Reflection on the Women’s March on Washington

Author: Maggie McGoveney

I didn’t know whether I would be able to go to the Women’s March on Washington until two days before, and to be honest I was a little scared.  My Facebook feed on Friday was filled with news of violence, tear gas, and arrests at the inauguration.  I didn’t know if the march would be the same.  I found out later that my dad had called my mom and told her he wished I wasn’t going; what if I got hurt or arrested?  My mom, a lifelong feminist, replied that she didn’t care, that this is something I needed to do regardless of the risks.  In the end, I decided that was what I thought too.

Contine reading

Why is women on currency a political issue?

    The concept of getting a woman on one of the paper bills of the U.S. Treasury has been one on the minds of many government officials for a while, and citizens have been vouching for a change.

The United States Treasury has been looking for new representatives to be the face on a crisp new ten-dollar bill, and Chatham University had the pleasure of an alumna being in the running for the position. Rachel Carson was one of the women nominated to be featured on the redesigned paper money, but she did not make the final cut for the four top contenders.

    While the concept of a Chatham graduate being on a ten-dollar bill is exciting and forward, a woman in general is a step in the right direction for those seeking feminist equality everywhere. However, the political nature of this decision is at the core of the debate. The debate was brought up at the most recent GOP Debate, and candidates appeared flustered and confused when they were asked which woman they would like to see on currency. Two candidates, Jeb Bush and John Kasich, did not even choose American citizens. Bush chose Margaret Thatcher and Kasich chose Mother Teresa. There is an obvious gap between what is feminist and what is American in today’s politics.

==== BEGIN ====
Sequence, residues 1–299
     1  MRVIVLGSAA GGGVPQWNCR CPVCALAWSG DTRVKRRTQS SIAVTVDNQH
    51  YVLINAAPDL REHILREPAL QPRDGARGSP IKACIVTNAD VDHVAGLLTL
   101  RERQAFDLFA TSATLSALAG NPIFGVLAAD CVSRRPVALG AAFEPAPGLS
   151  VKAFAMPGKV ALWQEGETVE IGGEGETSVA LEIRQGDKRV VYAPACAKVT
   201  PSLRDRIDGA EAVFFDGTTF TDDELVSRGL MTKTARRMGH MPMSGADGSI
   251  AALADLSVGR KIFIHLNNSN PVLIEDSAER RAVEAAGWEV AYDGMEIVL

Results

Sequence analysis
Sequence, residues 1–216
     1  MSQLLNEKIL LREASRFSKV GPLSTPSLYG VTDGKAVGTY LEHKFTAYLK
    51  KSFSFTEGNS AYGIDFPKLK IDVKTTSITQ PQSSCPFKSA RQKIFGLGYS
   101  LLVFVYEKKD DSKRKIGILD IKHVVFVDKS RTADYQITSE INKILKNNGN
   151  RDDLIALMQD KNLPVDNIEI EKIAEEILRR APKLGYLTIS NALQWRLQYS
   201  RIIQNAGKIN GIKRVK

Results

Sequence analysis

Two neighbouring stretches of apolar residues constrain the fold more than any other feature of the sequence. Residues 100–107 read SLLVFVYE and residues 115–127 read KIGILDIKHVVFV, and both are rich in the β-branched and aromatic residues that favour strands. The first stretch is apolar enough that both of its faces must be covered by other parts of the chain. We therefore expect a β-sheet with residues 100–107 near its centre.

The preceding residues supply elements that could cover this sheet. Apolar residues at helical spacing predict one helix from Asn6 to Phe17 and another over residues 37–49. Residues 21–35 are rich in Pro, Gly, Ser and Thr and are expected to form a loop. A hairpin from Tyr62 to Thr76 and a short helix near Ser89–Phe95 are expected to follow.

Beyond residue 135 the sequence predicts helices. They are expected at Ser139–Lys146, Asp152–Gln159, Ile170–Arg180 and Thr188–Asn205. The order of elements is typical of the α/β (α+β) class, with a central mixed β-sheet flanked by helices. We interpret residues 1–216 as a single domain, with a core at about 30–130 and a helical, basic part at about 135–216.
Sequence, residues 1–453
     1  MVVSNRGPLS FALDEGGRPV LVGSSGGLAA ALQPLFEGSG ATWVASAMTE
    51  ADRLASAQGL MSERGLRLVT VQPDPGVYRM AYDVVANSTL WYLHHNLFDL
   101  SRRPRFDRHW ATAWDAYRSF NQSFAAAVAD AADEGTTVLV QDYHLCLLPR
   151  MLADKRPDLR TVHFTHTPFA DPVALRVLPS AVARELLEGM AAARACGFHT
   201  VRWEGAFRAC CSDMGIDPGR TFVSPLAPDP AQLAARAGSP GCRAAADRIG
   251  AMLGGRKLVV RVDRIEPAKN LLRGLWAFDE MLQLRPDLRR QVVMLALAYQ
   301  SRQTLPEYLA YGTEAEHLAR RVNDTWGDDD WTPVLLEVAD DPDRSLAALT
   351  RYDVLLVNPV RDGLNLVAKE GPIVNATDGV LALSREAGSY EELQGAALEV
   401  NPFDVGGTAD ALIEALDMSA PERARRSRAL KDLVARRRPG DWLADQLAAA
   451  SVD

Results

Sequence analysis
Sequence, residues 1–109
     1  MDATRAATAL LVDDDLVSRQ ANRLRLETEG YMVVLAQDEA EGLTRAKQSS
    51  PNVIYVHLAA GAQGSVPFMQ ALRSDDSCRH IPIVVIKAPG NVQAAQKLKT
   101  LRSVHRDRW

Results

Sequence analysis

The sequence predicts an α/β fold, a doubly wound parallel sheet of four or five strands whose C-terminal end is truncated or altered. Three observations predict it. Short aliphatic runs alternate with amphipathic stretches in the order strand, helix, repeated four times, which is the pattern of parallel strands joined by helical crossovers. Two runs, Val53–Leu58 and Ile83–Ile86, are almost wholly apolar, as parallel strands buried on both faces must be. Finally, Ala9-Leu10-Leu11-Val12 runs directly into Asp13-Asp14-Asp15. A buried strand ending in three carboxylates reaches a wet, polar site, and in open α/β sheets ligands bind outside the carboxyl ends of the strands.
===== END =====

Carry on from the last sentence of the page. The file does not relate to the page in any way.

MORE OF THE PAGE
GOP candidate Carly Fiorina said she would keep the currency as it is. As an audience, we cannot presume to know the thought behind her reasoning, but we can witness a woman saying something that would, in some lights, be portrayed as an anti-feminist argument. In defense of Fiorina, she is the only female Republican candidate running for President in the 2016 election, and she is often overshadowed by the more controversial candidates, such as Donald Trump. As a woman in a mainly male-dominated field, she is cast aside as a secondary character in the election season.

    Women on money is not a foreign concept for the United States, considering at points in time both Susan B. Anthony and Sacagawea were on coins. Yet somehow, paper money is a more validating stance. Some women who are in the running are Rosa Parks, Harriet Tubman, and Eleanor Roosevelt, to name just a few. These women had an extreme impact on the advancement of women, and the idea of putting them on money is going to give whoever is chosen well-deserved recognition.

Still, these women are no less great if they do not make the cut. Their contribution is still important to American society.